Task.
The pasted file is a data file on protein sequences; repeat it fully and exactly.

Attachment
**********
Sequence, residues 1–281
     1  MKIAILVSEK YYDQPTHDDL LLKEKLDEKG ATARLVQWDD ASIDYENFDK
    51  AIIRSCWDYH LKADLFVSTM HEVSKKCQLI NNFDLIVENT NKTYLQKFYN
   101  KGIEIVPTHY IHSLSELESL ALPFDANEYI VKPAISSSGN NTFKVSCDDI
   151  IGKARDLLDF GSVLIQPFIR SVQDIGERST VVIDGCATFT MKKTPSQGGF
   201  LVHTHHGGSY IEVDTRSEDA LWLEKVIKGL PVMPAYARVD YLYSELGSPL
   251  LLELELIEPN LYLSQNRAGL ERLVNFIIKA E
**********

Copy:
Sequence, residues 1–281
     1  MKIAILVSEK YYDQPTHDDL LLKEKLDEKG ATARLVQWDD ASIDYENFDK
    51  AIIRSCWDYH LKADLFVSTM HEVSKKCQLI NNFDLIVENT NKTYLQKFYN
   101  KGIEIVPTHY IHSLSELESL ALPFDANEYI VKPAISSSGN NTFKVSCDDI
   151  IGKARDLLDF GSVLIQPFIR SVQDIGERST VVIDGCATFT MKKTPSQGGF
   201  LVHTHHGGSY IEVDTRSEDA LWLEKVIKGL PVMPAYARVD YLYSELGSPL
   251  LLELELIEPN LYLSQNRAGL ERLVNFIIKA E